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TRNN Executive Producer Eddie Conway speaks with Earl Richardson, Former President of Morgan State University and Kenneth Morgan, Assistant Professor at Coppin State University about the ongoing struggle to achieve equity for HBCUs.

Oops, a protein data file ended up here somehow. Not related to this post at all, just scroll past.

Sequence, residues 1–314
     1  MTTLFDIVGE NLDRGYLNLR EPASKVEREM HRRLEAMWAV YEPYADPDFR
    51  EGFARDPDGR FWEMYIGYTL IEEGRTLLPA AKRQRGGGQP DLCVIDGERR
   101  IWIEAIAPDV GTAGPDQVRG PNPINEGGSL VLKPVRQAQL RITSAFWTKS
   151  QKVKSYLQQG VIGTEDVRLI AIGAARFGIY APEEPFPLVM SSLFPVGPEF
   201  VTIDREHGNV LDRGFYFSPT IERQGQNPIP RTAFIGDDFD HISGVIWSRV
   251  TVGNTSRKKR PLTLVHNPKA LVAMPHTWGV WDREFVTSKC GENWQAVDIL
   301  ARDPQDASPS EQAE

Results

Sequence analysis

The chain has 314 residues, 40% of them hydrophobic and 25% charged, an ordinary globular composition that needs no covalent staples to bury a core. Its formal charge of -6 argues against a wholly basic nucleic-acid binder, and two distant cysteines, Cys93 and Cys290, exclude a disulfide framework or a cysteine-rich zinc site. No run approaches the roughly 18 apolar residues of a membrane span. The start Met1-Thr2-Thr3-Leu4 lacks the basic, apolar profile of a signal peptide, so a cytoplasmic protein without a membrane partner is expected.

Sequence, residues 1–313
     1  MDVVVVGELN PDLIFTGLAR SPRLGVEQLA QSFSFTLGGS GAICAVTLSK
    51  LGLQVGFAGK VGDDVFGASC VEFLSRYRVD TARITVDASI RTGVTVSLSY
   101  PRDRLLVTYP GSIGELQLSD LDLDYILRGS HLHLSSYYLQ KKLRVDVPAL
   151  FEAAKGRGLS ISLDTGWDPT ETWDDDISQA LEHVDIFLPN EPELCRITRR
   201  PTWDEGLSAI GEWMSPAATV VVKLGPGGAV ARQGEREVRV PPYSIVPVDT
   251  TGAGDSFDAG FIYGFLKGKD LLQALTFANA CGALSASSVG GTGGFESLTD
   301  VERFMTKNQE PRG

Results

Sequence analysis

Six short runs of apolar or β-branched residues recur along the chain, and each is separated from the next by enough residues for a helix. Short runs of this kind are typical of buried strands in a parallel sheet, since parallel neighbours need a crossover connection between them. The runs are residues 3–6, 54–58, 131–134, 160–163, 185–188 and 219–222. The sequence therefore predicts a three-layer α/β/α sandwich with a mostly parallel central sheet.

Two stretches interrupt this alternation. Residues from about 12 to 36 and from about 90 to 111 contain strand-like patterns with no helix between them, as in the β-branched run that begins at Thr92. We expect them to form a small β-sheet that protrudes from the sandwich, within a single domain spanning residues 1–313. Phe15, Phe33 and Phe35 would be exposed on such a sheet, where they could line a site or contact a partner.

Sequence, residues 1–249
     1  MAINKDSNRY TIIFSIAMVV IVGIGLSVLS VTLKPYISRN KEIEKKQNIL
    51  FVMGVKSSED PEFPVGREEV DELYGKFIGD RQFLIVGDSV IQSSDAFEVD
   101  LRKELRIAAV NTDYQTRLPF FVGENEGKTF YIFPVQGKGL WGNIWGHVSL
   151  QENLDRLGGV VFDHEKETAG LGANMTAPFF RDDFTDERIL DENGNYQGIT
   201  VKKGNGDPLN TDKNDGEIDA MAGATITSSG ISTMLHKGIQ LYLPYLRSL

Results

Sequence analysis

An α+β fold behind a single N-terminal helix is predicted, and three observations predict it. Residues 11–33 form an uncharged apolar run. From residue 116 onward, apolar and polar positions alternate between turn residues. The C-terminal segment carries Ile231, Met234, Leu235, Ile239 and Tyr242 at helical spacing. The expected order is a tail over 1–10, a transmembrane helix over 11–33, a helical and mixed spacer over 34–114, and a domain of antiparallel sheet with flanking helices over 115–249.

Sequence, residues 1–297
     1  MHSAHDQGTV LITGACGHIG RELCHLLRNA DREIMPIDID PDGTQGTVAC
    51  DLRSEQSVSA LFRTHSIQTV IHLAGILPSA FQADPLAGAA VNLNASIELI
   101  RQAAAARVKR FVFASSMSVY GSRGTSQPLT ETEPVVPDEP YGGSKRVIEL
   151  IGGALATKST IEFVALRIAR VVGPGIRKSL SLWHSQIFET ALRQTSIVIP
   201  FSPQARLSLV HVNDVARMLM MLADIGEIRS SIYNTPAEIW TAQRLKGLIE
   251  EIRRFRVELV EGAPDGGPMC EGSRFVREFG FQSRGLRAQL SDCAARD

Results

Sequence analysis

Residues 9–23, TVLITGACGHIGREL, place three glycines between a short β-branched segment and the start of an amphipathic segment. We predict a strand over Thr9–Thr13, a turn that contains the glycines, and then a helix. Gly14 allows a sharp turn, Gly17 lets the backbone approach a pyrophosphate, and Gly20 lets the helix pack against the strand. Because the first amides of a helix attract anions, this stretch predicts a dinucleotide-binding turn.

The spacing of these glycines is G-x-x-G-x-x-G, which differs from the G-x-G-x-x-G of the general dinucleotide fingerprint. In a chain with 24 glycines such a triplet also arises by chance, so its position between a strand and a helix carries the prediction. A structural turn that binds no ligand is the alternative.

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EDDIE CONWAY, TRNN: Welcome to the Real News. I’m Eddie Conway coming to you from Baltimore, and I have with me today in my office two professors, one from Morgan State college, Dr. Earl Richardson, and one from Coppin State University, Dr. Ken Morgan. And today we’re going to discuss the status of the historically black college and university lawsuit in the state of Maryland, and how that’s impacting other states, and black higher institutions of education in general. TITLE CARD: A landmark case in Maryland is pushing the state to enhance the quality of education at Historically Black Colleges and Universities. The Coalition for Equity and Excellence won a lawsuit against the Maryland Higher Education Commission. The judge’s findings show that Traditional White institutions in Maryland are duplicating HBCUs’ programs and receiving more funding. The Case is currently in mediation phase until November 20, 2015. DR. EARL RICHARDSON: This is not just the self-interest of black people. This is the interest of a nation. DR. KEN MORGAN: It’s not a black issue. It’s an issue of equality, it’s an issue of civil rights, it’s an issue of civil rights. CONWAY: Black universities and colleges, the entity itself as institutions, and traditional white inst–is that segregation in and of itself? Or is there a problem maintaining that? Or why is it necessary that you have black institutions and universities? What purpose do they serve? RICHARDSON: I’ll just put the time limit of back to Brown. I won’t even go any farther than that. Back to Brown. Had our state invested in that institution it would have become the engine of change. The economic engine that would have changed the landscape in West Baltimore. MORGAN: In Maryland we’re talking about a higher education system that has ignored, that has been desensitized to the needs and struggles of the entire population of Maryland. So–and Dr. Richardson probably has not said that much–it takes a whole lot, for example, for a person of an HBCU to say listen, you know, to speak out. And this is, this is what has not happened, in my opinion, in Maryland. TITLE CARD: The Real News reached out to Chancellor Robert L. Caret at the University System of Maryland. Caret declined to comment on the lawsuit but gave us a statement, which said Chancellor Caret has made it a “top priority to increase affordable access to quality higher education for students of all racial and socioeconomic backgrounds.” The Real News contacted Salisbury University, Coppin State University, Morgan State University, and University of Maryland Eastern Shore. None of the presidents have provided any comments regarding the lawsuit. RICHARDSON: And when we create institutions that are attractive to students regardless of race, we come together and we learn that we’re no different. That we all are the same. And that we’re in this together. And if we understand that we’re more alike than we are different, then there’s more of a great affinity for being together and talking together and working together and being one. That’s the, again, the benefit that, the value, the magic, of developing all of these institutions so that America does have this diverse system of higher education that addresses the needs of all of our young people. CONWAY: Do you want to add something, Dr. Morgan? MORGAN: To be frank about the matter, the state is acting like it has won the case. And it has lost the case. I know at Coppin State University there’s been severe cutbacks, et cetera, that have adversely impacted the academics there on the campus. And as Dr. Richardson had talked about, you know, we’re talking about six blocks away from Freddie Gray incident, murder. We’re talking about being maybe eight blocks away from North and Pennsylvania. Most of Coppin’s students come from Baltimore. RICHARDSON: Ken, when he says they’re acting as if they, the state is acting as if it won the case, I think that was the public message they wanted to convey. But they know full well they have lost this case. And the judge has ruled that you are in violation of the constitution. They have so much at stake here, however, because people have made reputations on maintaining the separate but equal system. Our states, particularly our southern states, and Maryland is deeply a southern state in attitude and behavior, with all the rhetoric–. CONWAY: And geography. RICHARDSON: That’s right. That’s right. They will resist, just like they resisted getting rid of slavery. They said if slavery is eliminated, the economy of the South will fall. Well, you have some of the same kind of rhetoric now bubbling up. If you transfer our programs the whole higher education system will disintegrate. Nonsense. Do the right thing. Do the right thing, and you would be surprised the difference that it makes in our society. CONWAY: Okay, that’s the final word there. I want to thank you, Dr. Richardson, Dr. Morgan, for joining me and shedding light on this. We’re going to revisit this again sometime after the 20th, and maybe have additional discussion about it. And thank you for joining the Real News.


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